IBM CEO Ginni Rometty notes that the term artificial intelligence was coined way back in 1955 to convey the concept of general intelligence: the notion that “all human cognition stems from one or more underlying algorithms and that by programming computers to think the same way, we could create autonomous systems modeled on the human brain.”  Other researchers took different approaches , working from the bottom up to find patterns in growing volumes of data, called IA, or Intelligence Augmentation.  Ironically, she notes, the methodology not modeled on the human brain led to the systems we now describe as ‘cognitive.’

Rometty concludes, fittingly, that “it will be the companies and the products that make the best use of data” that will be the winners in AI.  She goes on to say… “Data is the great new natural resource of our time, and cognitive systems are the only way to get value from all its volume, variety and velocity.”

She concludes with a noteworthy commentary: “Having ingested a fair amount of data myself, I offer this rule of thumb: If it’s digital today, it will be cognitive tomorrow.”

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underseaSome of the very largest Internet content companies, including Google, Facebook and Microsoft are actively engaged in moving from routing data through traditional carriers to installing their own cables – under the ocean.  After all, the shortest distance between international networks is a straight line through the ocean, as was recently pointed out in a special “Tech-The Year Ahead” edition of Bloomberg BusinessWeek

Ships have been laying cable across the ocean floor since 1866, when the SS Great Eastern laid the first trans-Atlantic telegraphic cable.  That cable was capable of transmitting eight words per minute. Today’s fiber-optic trans-Atlantic cable can transmit one hundred terabytes a second.

Facebook and Microsoft have joined with a Spanish broadband provider to lay a private trans-Atlantic cable, divvying up its 8 fiber optic strands in the next year.  Other tech companies are engaged in similar effort, across both major oceans.  In effect, these companies are underwriting the next generation of capacity in an ever-growing demand for internet content and bandwidth.  Worldwide, Bloomberg notes, 33 cable projects are scheduled to be online by 2018.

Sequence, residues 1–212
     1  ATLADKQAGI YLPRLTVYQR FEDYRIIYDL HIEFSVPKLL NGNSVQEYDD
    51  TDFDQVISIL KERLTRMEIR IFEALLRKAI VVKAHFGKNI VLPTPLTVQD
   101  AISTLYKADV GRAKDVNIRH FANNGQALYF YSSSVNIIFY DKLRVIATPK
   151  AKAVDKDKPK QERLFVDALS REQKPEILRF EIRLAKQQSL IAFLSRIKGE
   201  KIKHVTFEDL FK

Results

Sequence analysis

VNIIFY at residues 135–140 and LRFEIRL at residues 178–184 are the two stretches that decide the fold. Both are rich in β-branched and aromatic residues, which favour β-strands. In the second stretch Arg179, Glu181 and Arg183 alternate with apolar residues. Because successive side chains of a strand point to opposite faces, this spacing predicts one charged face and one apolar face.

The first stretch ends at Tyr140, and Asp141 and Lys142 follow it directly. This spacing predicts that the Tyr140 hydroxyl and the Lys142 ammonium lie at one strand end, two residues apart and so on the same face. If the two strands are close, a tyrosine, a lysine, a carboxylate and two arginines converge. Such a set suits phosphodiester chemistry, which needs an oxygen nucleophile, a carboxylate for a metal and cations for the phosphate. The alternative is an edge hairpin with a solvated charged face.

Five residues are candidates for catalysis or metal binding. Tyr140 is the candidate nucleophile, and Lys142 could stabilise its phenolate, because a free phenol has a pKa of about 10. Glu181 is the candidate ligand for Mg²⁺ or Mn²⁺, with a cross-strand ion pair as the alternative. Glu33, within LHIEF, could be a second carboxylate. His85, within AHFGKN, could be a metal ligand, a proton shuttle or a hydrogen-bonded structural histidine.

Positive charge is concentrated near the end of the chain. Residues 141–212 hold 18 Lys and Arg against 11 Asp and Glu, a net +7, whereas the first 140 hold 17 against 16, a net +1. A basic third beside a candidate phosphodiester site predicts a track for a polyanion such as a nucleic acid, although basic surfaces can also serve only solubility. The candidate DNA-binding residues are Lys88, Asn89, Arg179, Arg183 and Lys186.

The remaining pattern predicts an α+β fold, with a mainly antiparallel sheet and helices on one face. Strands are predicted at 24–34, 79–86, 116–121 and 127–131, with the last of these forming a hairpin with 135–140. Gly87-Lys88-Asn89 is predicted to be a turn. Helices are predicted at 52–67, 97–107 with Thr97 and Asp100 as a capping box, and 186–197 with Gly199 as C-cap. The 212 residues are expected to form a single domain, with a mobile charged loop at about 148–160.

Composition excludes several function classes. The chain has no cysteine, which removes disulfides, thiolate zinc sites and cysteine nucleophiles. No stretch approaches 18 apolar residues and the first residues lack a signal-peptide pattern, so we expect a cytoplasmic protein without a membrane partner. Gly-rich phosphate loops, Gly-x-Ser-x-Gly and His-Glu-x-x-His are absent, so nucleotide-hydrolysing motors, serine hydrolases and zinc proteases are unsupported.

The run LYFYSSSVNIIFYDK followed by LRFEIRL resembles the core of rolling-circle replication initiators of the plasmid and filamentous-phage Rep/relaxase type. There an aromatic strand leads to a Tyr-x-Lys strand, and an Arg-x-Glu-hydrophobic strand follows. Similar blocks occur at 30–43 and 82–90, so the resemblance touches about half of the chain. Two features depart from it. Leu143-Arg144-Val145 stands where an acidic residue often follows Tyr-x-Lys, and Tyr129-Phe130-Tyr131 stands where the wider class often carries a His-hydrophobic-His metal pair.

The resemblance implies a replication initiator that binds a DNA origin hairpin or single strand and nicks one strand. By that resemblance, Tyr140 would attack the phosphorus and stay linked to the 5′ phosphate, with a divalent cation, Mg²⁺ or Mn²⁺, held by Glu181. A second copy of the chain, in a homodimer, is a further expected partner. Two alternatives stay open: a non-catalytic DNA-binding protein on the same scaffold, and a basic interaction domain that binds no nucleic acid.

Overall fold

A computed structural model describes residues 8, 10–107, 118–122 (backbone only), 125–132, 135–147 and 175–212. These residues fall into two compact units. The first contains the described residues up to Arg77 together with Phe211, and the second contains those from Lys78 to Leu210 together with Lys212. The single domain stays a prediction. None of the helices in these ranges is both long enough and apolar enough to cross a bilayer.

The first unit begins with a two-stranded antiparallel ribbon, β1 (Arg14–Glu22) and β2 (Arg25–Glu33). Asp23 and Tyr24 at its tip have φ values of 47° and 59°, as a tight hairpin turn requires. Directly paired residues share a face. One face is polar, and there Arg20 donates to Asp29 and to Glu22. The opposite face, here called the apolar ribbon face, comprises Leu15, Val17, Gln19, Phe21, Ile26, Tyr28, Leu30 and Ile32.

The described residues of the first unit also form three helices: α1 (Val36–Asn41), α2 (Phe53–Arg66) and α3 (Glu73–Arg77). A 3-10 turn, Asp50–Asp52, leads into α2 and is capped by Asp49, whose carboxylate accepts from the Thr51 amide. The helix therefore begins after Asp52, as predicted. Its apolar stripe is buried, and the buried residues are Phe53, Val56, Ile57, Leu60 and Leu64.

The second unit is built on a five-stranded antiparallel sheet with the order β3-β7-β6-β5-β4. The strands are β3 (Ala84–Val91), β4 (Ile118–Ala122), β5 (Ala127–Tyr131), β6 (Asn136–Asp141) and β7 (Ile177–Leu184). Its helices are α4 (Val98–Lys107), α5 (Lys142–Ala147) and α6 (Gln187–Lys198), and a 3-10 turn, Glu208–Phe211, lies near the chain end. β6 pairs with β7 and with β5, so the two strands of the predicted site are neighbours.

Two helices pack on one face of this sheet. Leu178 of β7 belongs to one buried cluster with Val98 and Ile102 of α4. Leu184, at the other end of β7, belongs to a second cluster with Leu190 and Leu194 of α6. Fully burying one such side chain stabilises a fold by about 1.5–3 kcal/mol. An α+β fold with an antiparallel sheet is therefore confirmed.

In addition to more fiber cables, there are other ways to expand bandwidth around the world, and companies are actively pursuing those too, including satellites, lasers and drones, to name just three where Facebook has active projects.  Google has experimented with hot air balloons.

So far, undersea cables have proved the most cost effective means of providing bandwidth across oceans – they’re cheaper, reliable and largely unregulated.  Under United Nations jurisdiction, cable installers are pretty much able to lay cables wherever they please, as long as they don’t interfere with existing ones.

So there you have it: Silicon Valley pouring billions into technology pioneered in the telegraph era, in an all-out effort to take hold of our destiny.  And as Microsoft’s CTO Mark Russinovich notes, “We’re nowhere near done being built out.”

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themachineWe’ve worked with PCs since the introduction of the original IBM Personal Computer, and one thing we know: the evolution of computing is never-ending.

Recently, Hewlett Packard Enterprise Co. reached a milestone in efforts to deliver a new kind of computer.  And its future business may be more driven by the components it developed in the process, than as a complete system.

According to the Wall Street Journal, HPE announced in November in London the working prototype of what it calls “the Machine.”  The Machine flips long-held conventional PC wisdom on its ear, in that the new product “leans heavily on memory technology to boost calculating speed.”  Programmers are just now starting to work on software needed to exploit the system, which is not expected to be widely available until 2018.

HPE’s near-term plan, according to Journal reporter Don Clark, is to use components developed for the system in its conventional server systems.  One component already in production is a chip called X1 and some related components intended to sharply lower the cost of sending data over speedy fiber-optic connections.  Engineers claim this could make data transmitted from one machine to another in a network as fast as data is currently transmitted within a single computer.